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Does Aid for Education Educate Children? Evidence from Panel Data

  • Axel Dreher
  • Peter Nunnenkamp
  • Rainer Thiele

Most of the aid effectiveness literature has focused on the potential growth effects of aggregate aid, with inconclusive results. Considering that donors have repeatedly stressed the multidimensionality of their objectives, a more disaggregated view on aid effectiveness is warranted. The impact of aid on education is analyzed empirically for almost 100 countries over 1970--2004. The effectiveness of sector-specific aid is assessed within the framework of social production functions. The Millennium Development Goals related to education, particularly the goal of achieving universal primary school enrollment, are considered as outcome variables. The analysis suggests that higher per capita aid for education significantly increases primary school enrollment, while increased domestic government spending on education does not. This result is robust to the method of estimation, the use of instruments to control for the endogeneity of aid, and the set of control variables included in the estimations. Copyright The Author 2008. Published by Oxford University Press on behalf of the International Bank for Reconstruction and Development / the world bank . All rights reserved. For permissions, please e-mail: journals.permissions@oxfordjournals.org, Oxford University Press.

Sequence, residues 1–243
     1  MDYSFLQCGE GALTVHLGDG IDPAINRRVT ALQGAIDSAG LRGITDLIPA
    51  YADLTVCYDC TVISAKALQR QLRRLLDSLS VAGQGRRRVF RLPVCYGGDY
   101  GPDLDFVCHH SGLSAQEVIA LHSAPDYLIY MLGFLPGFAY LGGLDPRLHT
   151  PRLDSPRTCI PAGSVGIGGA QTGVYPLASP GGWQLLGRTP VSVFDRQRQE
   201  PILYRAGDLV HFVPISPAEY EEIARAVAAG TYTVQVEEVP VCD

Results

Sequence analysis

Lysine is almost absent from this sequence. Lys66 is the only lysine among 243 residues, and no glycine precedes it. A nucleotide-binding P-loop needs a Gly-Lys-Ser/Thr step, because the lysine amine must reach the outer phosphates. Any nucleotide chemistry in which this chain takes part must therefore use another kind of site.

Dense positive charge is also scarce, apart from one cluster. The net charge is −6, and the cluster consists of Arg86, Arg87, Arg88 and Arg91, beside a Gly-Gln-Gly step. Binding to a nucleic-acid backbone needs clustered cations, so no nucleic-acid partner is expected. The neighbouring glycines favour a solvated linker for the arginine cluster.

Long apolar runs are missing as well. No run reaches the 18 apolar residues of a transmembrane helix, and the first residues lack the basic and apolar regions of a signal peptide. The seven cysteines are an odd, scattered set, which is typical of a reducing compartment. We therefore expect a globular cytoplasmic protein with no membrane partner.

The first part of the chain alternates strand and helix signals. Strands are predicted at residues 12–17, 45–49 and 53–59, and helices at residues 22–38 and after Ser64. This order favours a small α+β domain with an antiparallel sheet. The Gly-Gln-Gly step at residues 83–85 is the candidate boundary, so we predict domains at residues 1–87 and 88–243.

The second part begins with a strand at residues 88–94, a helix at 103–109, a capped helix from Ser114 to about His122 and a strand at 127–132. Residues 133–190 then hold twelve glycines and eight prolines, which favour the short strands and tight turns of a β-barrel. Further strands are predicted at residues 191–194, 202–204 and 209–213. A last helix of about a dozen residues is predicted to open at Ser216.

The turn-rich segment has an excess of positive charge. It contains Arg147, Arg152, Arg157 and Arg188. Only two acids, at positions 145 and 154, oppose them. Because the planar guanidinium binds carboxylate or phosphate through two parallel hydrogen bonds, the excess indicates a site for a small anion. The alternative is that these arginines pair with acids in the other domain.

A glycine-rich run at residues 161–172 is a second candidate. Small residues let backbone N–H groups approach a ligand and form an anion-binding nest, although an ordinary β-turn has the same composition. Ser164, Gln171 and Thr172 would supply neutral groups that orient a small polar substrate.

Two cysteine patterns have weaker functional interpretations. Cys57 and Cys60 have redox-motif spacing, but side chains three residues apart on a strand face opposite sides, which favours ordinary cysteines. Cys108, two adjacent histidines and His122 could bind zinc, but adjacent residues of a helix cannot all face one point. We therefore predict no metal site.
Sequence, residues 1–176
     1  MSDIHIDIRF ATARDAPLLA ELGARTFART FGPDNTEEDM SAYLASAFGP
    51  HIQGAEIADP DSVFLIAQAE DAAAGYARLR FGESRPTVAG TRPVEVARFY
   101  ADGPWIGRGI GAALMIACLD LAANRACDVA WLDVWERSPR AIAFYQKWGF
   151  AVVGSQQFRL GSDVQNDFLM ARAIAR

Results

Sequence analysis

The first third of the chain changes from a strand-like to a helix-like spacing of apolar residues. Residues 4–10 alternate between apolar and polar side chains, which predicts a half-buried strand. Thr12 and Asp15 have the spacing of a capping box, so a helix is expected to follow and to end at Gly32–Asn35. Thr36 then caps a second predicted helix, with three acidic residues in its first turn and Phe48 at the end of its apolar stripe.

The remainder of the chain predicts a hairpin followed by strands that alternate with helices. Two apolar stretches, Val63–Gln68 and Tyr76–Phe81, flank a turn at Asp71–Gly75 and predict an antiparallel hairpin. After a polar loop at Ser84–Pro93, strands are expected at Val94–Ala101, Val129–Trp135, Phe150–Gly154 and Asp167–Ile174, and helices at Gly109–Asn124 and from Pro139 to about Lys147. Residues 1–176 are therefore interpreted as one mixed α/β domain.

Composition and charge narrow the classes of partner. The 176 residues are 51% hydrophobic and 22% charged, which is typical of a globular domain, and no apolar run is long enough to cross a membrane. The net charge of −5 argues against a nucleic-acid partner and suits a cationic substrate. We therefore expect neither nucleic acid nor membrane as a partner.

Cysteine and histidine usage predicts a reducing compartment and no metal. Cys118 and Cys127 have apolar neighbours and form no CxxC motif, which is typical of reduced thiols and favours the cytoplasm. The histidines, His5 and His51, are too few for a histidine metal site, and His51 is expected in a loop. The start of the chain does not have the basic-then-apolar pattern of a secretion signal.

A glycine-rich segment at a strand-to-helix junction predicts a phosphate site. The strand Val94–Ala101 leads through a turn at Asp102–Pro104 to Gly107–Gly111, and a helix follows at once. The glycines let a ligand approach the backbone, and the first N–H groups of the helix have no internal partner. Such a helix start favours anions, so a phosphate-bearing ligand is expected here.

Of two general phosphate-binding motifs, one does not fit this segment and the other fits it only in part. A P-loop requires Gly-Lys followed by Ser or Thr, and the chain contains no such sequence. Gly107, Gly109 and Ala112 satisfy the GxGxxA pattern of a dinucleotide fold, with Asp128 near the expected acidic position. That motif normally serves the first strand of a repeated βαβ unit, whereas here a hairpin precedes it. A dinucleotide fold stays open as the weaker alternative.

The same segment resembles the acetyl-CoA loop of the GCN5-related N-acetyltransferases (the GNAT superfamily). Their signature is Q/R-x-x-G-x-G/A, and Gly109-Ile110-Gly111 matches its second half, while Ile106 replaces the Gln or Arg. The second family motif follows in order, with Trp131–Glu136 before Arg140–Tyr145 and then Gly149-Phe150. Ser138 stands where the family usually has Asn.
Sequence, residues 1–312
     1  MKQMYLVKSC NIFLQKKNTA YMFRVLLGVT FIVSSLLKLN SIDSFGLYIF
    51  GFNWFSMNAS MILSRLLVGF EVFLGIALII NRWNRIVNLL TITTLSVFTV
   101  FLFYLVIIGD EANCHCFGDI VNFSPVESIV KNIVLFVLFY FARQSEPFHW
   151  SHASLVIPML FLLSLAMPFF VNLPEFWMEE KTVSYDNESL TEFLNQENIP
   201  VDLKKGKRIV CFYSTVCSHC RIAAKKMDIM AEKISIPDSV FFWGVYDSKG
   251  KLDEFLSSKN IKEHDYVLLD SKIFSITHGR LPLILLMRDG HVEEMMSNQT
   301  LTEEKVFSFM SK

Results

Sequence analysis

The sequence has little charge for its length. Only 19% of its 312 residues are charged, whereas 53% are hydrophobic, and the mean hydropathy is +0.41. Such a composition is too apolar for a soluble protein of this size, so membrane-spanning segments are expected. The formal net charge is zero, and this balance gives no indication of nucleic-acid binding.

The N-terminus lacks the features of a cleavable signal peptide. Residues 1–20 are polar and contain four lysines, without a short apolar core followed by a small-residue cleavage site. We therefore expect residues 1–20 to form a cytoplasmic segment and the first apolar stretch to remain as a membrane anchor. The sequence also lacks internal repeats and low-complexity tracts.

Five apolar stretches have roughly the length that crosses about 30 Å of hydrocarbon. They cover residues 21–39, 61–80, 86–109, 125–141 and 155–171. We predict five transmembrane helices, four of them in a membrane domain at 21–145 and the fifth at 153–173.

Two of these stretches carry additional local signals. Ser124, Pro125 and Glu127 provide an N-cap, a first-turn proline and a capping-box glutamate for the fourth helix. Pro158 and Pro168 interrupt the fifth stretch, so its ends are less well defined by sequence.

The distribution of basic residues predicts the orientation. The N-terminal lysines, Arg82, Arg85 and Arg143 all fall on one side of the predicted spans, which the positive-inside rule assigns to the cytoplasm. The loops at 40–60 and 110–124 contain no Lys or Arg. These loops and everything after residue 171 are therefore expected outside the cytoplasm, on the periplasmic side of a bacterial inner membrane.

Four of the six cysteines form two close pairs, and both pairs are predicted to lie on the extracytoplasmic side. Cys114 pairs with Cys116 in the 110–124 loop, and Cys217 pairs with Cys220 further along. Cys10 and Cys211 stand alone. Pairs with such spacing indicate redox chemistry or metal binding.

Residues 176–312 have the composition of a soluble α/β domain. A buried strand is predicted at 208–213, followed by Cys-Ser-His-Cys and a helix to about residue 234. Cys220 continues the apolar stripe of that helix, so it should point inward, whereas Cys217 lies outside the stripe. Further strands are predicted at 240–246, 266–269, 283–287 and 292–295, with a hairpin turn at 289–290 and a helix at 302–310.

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File URL: http://hdl.handle.net/10.1093/wber/lhn003
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Article provided by World Bank Group in its journal The World Bank Economic Review.

Volume (Year): 22 (2008)
Issue (Month): 2 (April)
Pages: 291-314

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Handle: RePEc:oup:wbecrv:v:22:y:2008:i:2:p:291-314
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